Culex pipiens: Known as the ‘common house mosquito’, this species is the UK’s largest in population and is typically found in urban areas. Culex pipiens is more likely to bite birds than humans, which reduces its potential to spread human diseases.

Anopheles plumbeus: This species is notable because it can transmit malaria – though, cases of malaria in the UK are extremely rare and usually related to travel. Anopheles plumbeus prefers tree holes for breeding but can be found in garden water butts and other standing water.

Aedes detritus: A saltmarsh mosquito often found in coastal regions. Do you usually come back from seaside trips with bites on your arms and legs? This species is known for its painful bite, but it does not typically carry diseases dangerous to humans in the UK.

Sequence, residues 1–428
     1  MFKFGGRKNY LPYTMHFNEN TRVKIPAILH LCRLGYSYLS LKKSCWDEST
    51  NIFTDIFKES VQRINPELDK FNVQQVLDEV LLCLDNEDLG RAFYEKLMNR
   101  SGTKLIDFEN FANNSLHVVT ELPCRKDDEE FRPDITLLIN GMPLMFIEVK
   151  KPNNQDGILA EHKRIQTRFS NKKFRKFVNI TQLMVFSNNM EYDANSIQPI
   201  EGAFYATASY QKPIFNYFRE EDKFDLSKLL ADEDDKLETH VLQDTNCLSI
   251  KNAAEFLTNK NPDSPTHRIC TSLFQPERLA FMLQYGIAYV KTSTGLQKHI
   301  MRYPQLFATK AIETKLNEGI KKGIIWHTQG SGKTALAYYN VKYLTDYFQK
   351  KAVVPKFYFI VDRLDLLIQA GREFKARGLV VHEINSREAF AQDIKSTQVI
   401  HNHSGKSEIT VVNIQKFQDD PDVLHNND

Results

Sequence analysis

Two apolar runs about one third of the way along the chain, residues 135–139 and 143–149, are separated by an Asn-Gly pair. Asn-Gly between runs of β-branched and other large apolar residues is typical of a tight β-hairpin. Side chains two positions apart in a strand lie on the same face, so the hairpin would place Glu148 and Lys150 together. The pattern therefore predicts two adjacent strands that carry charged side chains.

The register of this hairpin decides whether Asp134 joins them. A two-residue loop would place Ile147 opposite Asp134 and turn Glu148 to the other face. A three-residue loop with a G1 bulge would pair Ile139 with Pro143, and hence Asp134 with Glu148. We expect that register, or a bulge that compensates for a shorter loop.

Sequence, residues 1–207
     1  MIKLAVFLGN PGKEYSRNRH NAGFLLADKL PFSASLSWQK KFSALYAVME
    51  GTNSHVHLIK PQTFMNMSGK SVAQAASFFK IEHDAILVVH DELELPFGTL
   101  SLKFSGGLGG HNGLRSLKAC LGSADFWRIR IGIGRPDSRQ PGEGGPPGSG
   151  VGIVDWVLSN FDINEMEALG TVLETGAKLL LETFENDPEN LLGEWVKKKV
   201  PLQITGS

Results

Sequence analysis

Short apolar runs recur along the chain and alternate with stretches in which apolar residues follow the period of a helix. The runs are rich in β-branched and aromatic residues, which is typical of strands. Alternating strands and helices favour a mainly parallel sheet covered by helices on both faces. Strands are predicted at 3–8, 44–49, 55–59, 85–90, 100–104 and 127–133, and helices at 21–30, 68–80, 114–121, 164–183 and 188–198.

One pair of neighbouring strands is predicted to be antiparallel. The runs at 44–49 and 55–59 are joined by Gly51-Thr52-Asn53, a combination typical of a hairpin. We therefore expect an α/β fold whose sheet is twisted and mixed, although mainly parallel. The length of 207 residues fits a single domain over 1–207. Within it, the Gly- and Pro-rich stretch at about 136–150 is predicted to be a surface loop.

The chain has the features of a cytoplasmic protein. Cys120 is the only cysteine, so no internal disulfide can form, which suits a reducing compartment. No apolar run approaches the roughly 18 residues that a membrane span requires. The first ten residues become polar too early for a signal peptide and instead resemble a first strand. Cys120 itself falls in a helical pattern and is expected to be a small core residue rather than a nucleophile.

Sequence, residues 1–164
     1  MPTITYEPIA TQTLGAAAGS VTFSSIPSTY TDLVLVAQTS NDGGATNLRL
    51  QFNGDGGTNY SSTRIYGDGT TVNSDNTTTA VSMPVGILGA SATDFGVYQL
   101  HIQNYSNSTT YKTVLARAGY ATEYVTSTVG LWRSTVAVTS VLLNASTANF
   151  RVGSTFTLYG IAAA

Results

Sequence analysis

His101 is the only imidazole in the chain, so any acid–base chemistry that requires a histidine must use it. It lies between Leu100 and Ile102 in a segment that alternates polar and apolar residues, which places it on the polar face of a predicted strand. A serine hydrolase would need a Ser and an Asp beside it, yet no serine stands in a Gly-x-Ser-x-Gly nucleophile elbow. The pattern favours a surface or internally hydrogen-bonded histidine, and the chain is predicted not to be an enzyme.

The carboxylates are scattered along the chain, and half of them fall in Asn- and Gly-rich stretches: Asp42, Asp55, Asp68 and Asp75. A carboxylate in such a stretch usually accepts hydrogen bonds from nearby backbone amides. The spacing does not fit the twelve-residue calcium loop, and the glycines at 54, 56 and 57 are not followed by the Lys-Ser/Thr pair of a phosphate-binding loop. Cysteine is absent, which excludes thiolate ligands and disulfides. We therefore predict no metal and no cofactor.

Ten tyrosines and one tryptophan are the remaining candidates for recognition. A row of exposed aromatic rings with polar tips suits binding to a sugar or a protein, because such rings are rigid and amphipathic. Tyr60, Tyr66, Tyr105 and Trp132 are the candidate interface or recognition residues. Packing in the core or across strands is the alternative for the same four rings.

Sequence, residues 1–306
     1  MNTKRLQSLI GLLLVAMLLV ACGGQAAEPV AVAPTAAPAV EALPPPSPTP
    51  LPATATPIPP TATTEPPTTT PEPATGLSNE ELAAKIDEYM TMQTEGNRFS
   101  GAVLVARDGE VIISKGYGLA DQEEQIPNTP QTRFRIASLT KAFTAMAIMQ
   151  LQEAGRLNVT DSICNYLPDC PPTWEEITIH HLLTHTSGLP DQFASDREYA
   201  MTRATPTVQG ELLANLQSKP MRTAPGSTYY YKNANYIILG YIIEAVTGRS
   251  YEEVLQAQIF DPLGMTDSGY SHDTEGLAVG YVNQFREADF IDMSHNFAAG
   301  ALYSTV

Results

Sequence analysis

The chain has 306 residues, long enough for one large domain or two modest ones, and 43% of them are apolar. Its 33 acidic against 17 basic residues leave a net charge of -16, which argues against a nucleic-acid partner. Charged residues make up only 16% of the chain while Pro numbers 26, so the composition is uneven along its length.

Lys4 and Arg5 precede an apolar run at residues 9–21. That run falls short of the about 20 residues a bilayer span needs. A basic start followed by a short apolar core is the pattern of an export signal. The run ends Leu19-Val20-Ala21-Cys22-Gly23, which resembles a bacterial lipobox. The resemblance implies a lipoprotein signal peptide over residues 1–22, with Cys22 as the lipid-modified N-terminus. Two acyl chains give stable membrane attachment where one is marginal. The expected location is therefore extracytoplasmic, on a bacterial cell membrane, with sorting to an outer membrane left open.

How does climate change affect the mosquito population?

Historically, the UK’s temperate climate has limited the growth of the mosquito population. However, with the continuous changes in global climate, warmer temperatures and wetter conditions are becoming more common, potentially creating a more hospitable environment for mosquitoes. This has raised concerns about the possibility of non-native mosquito species establishing themselves in the UK.